Auckland Election: Asian Candidates' Policies

With the local elections in Auckland just days away, candidates for both mayoral and council posts are doing the rounds in their communities to rally up final votes. Asia Media Centre talks to some of them about their policies and how they would like to represent Asian diaspora communities in Auckland. 

Aucklanders of Asian ethnicity make up a significant population of New Zealand’s largest city – 28.2 percent of Auckland's total population ­– but candidates from Asian backgrounds don’t get as much time in mainstream media as their counterparts.

In fact, some Aucklanders only know of the Asian candidates because of news coverage of their billboards being vandalised earlier in their campaigns. Where do they stand on policy, and what issues do they think are most important to Asian diaspora communities in 2022?

AMC spoke to four candidates.

Raymond Tan – for councillor (North Shore ward)

Like many Asians, I have been told to return to my home country even though I have lived in New Zealand for 31 years. Recently I was told I am not 'Kiwi enough' at one of the ‘Meet your Candidates” public sessions. I've yet to find an answer of what 'being Kiwi' actually means. Perhaps, only that person that made the comment actually knows and that would be the same for the people responsible for vandalising the billboards who have in their minds, valid and just reasons for destroying other people's property.

There will always be individuals and parts of society that will never change their behaviours or perceptions contrary to the norms of the wider community. Instead of targeting these offenders, I believe efforts should instead be focused at creating an environment that embraces multiculturalism and to create a sense of belonging by everyone in the community regardless of where they were born, their ancestry and beliefs. 

Externally I would like to initiate a cultural development strategy (separated economic strategy) that specifically focuses on the promotion of ethnic pluralism where diversity of cultures, religions, and customs are celebrated through council funded events and within council facilities across the region. Getting together to celebrate would help address a lack of awareness or eliminate misinformation that creates cultural biases and negative societal perceptions of Asians.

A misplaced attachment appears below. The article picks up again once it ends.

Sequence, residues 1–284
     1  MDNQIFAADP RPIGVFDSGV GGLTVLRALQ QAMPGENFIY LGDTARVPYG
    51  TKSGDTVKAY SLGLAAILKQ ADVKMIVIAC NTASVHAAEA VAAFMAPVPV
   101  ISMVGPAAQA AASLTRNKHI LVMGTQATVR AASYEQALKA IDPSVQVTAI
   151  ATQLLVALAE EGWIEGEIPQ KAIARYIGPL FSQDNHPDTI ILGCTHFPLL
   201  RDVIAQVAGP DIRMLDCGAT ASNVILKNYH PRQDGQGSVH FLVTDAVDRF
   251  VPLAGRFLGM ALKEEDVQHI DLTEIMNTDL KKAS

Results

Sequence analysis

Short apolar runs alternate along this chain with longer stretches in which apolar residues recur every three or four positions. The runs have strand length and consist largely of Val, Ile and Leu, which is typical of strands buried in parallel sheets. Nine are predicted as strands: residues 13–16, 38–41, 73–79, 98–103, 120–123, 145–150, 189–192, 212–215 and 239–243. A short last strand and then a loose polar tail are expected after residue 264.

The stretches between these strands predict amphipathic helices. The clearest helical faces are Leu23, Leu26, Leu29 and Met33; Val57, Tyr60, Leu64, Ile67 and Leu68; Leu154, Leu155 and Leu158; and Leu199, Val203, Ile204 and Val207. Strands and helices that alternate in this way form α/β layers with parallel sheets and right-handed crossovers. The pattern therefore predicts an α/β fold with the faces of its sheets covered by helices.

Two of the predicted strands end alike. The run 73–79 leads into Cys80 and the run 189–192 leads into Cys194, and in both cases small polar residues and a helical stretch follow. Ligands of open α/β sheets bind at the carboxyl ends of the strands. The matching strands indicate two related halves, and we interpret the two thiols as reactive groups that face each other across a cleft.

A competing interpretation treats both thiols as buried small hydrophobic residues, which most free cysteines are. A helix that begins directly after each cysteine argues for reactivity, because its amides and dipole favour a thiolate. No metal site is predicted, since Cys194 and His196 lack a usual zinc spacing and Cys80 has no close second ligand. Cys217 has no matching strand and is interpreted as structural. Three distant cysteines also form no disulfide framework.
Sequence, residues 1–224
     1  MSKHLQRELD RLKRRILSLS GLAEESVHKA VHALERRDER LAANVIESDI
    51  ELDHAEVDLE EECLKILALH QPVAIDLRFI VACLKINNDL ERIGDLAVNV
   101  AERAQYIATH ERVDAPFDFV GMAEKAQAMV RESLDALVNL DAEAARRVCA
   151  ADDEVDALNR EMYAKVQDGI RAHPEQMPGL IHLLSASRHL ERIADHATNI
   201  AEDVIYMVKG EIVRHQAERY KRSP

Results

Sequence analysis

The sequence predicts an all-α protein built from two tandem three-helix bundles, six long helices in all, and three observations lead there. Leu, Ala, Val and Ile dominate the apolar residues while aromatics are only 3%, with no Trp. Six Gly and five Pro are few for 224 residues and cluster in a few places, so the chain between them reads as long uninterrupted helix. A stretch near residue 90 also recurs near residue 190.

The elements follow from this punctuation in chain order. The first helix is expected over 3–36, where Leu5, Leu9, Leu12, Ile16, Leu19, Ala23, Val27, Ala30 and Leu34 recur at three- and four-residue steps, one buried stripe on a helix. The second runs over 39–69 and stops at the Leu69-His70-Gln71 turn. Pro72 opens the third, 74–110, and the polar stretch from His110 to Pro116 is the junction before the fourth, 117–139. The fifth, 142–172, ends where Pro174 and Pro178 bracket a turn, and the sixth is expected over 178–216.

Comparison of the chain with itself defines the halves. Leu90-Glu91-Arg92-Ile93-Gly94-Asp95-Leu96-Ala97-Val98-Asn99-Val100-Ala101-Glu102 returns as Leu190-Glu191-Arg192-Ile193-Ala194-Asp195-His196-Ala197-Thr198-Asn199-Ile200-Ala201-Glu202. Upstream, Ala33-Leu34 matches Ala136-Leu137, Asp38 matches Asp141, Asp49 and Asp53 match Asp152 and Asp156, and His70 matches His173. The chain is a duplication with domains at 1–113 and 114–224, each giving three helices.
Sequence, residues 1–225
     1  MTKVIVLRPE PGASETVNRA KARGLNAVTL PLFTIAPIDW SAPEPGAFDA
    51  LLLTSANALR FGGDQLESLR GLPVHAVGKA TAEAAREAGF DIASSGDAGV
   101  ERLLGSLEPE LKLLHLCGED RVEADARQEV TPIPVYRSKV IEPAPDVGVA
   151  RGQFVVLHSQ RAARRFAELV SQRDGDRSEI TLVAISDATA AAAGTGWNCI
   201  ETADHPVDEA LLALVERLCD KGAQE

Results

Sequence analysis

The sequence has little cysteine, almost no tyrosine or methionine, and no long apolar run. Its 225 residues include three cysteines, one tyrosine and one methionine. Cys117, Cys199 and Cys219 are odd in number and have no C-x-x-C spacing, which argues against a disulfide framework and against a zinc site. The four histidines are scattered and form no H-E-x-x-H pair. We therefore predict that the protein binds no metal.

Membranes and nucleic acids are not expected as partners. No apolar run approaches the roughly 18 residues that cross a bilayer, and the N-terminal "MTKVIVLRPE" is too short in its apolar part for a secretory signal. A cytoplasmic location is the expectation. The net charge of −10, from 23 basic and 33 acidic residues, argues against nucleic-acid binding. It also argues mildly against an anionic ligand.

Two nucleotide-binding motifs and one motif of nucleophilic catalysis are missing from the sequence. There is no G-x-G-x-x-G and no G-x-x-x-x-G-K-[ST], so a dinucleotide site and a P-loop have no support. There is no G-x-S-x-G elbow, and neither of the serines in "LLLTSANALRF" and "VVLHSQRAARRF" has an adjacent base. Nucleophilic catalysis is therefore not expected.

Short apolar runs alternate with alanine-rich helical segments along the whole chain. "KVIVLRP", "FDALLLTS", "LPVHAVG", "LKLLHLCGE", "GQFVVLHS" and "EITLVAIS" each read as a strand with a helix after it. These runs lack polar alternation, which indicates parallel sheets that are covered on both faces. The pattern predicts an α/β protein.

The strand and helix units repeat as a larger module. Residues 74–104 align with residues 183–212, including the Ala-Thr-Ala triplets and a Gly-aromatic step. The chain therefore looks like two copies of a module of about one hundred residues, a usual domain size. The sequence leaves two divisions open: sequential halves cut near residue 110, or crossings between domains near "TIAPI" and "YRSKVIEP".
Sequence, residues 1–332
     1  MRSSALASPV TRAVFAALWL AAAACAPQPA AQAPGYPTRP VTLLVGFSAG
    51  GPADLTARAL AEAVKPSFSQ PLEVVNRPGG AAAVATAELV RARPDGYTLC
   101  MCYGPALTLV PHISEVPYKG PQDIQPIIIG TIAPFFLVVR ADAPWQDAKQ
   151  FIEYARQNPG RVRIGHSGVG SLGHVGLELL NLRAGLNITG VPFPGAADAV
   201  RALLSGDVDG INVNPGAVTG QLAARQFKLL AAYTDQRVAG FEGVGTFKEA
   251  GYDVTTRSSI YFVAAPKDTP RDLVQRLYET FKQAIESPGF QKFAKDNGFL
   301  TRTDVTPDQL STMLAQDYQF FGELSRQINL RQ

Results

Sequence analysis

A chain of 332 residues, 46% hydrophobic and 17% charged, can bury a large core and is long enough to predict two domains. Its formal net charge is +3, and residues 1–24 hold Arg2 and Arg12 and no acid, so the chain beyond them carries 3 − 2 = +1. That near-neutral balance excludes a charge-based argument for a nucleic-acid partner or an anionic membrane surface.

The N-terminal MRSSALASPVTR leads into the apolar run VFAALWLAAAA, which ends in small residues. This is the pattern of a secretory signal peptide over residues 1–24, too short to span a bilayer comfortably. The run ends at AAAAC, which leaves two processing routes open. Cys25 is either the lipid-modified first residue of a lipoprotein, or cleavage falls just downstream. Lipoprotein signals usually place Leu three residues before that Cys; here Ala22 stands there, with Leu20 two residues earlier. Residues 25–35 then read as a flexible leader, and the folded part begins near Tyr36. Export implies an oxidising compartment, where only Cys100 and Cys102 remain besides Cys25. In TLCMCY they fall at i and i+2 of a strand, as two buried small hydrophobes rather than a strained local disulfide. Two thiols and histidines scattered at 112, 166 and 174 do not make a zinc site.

Internally I would also advocate breaking through the 'bamboo ceiling' or 'glass ceiling' within Auckland Council by removing the stereotyping and the model minority connotations that talented Asian individuals should not hold leadership positions, contrary to an organisation that promotes diversity and inclusion.  Institutional biases are not unique to the Council where across the entire Group of over 10,000 staff there are just a handful of Tier 4 managers of Asian descent, none at the higher management levels. 

At a minimum, the workforce should reflect or closely resemble the demographics of Auckland both in terms of age and ethnicity of the general population. This approach can also be implemented through the council’s sustainability procurement policies. 

It would take more than just a Chinese Language Week to resolve these systemic issues.  Acceptance of Asian diaspora communities is more than just organising festivals, going to Asian restaurants/takeaways or cooking Asian meals occasionally, it is about enabling the diversity of thought and values at the discussion table. 

Having a strong representation on the Council, Local Boards and Senior management would be a good start to breaking down those barriers for social inclusion and counter the anti-Asian behaviours to create a more harmonious environment and benefit our future generations, while at the same time, enhance our international reputation and economic sustainability as the preferred trading partner with Asia as well as a safe place people to study, work and perhaps stay a bit longer. 

Paul Young – for councillor (Howick ward)  

I have lived in East Auckland for past 33 years thanks to my parents who brought me here and I now have two children who were born and raised in Auckland. I call them ABC, Auckland Born Chinese. Aotearoa is our home.

This is my 8th time standing in the elections in past 12 years and over that time I have witnessed a disappointing increase in vandalism and the threat to community safety. We all have the right to feel safe when going about our daily lives, at work and at home. Myself and Bo Burns recently spoke of advocating for a regional safety plan to address these issues, that would be implemented at a local level.